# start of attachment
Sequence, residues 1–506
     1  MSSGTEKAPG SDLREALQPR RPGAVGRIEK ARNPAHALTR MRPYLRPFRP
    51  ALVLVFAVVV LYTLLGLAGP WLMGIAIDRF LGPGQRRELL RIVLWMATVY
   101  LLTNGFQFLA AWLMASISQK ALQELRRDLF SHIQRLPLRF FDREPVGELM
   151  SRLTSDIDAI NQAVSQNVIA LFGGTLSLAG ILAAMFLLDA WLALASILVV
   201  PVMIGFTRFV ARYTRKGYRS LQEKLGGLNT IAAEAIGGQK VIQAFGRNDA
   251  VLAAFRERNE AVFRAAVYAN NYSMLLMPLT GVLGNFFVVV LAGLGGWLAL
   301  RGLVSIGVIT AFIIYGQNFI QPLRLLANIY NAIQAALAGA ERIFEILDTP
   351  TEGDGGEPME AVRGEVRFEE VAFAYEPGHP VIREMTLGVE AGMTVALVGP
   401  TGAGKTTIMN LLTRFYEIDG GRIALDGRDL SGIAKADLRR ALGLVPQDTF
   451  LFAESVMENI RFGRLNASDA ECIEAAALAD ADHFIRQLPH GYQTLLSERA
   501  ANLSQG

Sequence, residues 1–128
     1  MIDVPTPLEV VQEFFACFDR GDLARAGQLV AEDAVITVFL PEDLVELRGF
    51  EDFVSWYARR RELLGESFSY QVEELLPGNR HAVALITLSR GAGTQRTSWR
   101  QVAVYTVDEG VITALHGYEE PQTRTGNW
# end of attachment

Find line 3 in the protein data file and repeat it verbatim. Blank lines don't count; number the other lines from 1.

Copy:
    51  ALVLVFAVVV LYTLLGLAGP WLMGIAIDRF LGPGQRRELL RIVLWMATVY